You knew it had to happen: Mark Cuban has gone Hollywood. The Mavericks' owner has partnered with fellow Internet tycoon Todd Wagner to form a movie production company called 2929 Productions. Their first project, a quirky documentary called Searching for Debra Winger, was directed by actress Rosanna Arquette and recently premiered at the Cannes Film Festival. "Rosanna interviewed actresses talking about the challenges they face from Hollywood as they age," says Cuban, "not only from trying to find roles in an industry where youth rules, but also in balancing family, friends and careers." Appearing in the film are stars such as Meg Ryan, Holly Hunter, Frances McDormand and Daryl Hannah. The final interview is with Winger, who dropped out of the industry for several years after getting fed up with Hollywood. "I spent some time with Rosanna while she was filming it, and I'm proud of what she's been able to accomplish," says Cuban, who notes that despite his executive producer credit on the film, he is a silent partner in 2929. Hard to imagine Cuban as a silent anything, isn't it?
?As any Yankees fan might tell you, never let a Red Sox supporter open his mouth for too long—he usually sticks his foot in it. Just ask Ben Affleck. The actor was in Toronto last week to promote his new film, The Sum of All Fears, when he was invited to sit in the Fox booth with broadcasters Sean McDonough and Jerry Remy during the Blue Jays-Red Sox game. Affleck, a die-hard Sox fan, took over the mike and did some shaky play-by-play for nearly six innings. Along the way he criticized outfielder Trot Nixon's inability to hit lefthanders and also dissed Boston infielder Lou Merloni for saying earlier in the season that the team had "made a mockery of my career" by repeatedly sending him to the minors. "He absolutely sucks," said Nixon afterward. " Matt Damon made you what you are, slick." Added Merloni, "A mockery is his last four movies." After hearing of the reactions, Affleck went on McDonough's radio show later in the week and apologized profusely, saying he'd been a "jerk-off." None of the Red Sox disagreed.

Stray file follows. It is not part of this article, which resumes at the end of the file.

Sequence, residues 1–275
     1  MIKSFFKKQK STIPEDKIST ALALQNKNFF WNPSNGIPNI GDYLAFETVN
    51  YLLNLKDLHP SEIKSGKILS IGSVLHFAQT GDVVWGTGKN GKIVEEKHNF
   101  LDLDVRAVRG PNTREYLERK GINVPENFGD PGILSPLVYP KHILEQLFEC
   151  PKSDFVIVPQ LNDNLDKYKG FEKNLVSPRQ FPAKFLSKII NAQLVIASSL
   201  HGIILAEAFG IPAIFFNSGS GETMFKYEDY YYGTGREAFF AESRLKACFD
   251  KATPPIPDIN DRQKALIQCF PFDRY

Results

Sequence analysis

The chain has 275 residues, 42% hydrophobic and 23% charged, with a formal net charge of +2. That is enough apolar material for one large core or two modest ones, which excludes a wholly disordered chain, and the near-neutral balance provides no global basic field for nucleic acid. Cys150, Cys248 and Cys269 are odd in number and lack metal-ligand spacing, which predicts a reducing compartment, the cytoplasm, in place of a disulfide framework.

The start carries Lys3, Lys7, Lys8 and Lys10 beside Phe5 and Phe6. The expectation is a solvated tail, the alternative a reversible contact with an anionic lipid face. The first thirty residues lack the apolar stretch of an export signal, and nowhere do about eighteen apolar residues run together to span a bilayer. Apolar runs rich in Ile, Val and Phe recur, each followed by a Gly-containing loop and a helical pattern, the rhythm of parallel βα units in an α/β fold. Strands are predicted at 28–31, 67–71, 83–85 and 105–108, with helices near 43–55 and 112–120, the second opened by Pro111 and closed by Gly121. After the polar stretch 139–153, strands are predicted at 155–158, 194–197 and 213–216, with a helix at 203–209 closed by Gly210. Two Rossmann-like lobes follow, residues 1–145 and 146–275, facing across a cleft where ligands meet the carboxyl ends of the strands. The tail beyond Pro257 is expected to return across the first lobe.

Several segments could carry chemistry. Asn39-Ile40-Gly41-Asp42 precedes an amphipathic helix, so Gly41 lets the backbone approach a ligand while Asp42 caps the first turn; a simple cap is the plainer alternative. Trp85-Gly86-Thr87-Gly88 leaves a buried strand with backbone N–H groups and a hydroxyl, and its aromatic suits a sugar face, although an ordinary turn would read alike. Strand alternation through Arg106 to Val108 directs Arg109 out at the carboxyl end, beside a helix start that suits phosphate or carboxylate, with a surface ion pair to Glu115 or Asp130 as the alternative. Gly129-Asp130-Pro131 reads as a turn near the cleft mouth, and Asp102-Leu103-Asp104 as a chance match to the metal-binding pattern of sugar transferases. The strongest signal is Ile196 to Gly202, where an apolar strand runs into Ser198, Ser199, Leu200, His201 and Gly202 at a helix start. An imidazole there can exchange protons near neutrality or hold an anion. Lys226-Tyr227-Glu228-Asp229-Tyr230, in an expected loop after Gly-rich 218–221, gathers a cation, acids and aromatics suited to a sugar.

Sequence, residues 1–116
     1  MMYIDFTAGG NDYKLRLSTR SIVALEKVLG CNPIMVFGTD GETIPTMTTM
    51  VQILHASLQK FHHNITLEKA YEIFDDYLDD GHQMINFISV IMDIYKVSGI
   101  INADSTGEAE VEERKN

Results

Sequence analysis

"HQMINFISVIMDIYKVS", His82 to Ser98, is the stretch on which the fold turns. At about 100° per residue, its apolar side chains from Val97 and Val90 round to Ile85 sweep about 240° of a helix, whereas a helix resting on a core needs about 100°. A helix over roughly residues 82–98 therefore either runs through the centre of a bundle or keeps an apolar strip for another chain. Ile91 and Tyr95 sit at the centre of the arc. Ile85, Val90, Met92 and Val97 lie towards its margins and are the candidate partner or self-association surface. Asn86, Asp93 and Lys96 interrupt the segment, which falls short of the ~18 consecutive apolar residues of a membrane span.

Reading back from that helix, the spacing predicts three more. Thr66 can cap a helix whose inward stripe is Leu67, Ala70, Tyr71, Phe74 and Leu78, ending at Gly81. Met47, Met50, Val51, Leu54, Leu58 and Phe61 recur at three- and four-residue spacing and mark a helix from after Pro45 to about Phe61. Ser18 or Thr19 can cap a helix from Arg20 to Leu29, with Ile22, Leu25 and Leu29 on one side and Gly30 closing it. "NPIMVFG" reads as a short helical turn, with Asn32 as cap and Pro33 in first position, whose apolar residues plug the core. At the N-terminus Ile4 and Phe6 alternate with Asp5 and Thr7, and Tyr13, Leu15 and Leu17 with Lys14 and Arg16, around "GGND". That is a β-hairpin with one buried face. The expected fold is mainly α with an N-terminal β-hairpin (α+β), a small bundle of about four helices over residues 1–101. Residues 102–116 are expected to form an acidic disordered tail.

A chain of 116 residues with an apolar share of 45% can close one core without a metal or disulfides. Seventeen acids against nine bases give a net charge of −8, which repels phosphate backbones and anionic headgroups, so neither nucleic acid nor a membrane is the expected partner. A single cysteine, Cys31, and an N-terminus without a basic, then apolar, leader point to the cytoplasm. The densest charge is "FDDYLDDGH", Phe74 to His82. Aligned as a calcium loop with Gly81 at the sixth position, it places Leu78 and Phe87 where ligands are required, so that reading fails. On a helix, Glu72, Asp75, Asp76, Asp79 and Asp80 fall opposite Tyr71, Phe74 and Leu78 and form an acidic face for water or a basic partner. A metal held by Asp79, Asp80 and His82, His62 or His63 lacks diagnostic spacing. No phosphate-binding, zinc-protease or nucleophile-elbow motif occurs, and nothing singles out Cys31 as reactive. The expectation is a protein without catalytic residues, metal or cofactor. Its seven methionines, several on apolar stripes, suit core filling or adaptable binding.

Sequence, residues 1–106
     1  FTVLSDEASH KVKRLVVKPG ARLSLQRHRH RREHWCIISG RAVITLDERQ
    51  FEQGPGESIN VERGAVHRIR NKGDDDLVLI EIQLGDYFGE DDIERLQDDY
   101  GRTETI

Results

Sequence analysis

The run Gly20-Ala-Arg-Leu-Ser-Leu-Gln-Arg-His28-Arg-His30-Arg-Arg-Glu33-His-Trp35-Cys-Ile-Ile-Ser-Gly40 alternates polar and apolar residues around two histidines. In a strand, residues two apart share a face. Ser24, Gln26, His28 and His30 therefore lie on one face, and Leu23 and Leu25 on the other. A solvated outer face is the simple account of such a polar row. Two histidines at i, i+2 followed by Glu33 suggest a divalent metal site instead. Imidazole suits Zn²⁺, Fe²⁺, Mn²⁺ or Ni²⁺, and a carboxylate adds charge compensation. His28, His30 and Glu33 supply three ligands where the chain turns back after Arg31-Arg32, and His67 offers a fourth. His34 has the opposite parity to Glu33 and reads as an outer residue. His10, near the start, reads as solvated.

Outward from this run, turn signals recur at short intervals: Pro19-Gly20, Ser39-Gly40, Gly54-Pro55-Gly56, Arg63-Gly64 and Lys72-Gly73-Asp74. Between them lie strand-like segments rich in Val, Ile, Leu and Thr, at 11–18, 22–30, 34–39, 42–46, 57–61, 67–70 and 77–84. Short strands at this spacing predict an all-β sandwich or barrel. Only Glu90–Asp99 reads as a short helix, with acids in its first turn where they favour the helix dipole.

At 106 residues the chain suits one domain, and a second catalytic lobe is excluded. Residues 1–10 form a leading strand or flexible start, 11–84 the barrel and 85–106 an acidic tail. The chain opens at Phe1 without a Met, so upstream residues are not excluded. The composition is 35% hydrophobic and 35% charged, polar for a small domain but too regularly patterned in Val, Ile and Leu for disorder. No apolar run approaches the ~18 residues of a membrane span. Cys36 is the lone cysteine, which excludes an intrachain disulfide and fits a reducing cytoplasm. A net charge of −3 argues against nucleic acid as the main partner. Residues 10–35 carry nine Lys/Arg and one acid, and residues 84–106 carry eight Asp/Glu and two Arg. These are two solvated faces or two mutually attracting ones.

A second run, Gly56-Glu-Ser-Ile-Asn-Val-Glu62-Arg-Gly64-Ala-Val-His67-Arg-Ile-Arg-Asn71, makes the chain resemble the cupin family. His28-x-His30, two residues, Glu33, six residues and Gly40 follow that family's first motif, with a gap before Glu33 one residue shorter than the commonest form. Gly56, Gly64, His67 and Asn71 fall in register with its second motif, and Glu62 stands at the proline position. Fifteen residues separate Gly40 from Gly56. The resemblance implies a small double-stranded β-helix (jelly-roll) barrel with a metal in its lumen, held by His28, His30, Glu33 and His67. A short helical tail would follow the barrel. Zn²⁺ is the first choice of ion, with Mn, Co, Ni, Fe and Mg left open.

?Last week ABC gave the go-ahead to a pilot based on the 1997 book Letters from a Nut, written by Ted L. Nancy. Tire book consists of wacky notes sent by Nancy to various businesses, which then sent back unintentionally hilarious responses. Sports letters are prominent, including the one Nancy sent the Lakers asking if it would be O.K. to attend a game wearing pants with a see-through bottom for medical reasons. "The only time you will see my cellophane exposed buttocks will be during the time I enter and exit the arena and during behind the back passes and 3 point buzzer shots," writes Nancy. (The Lakers' response: "If you have medical documentation, we will be glad to provide an attendant to escort you to your seat and explain your situation to the nearest usher") Or the one Nancy sent to boxing promoter Bob Arum demanding Arum stop a fight between Larry Holmes and Max Schmeling. (" Max Schmeling has to be 85 years old. Has everyone gone insane?!") By the way, Ted L. Nancy is a pseudonym. Though it's never been confirmed, the writer is widely believed to be Jerry Seinfeld.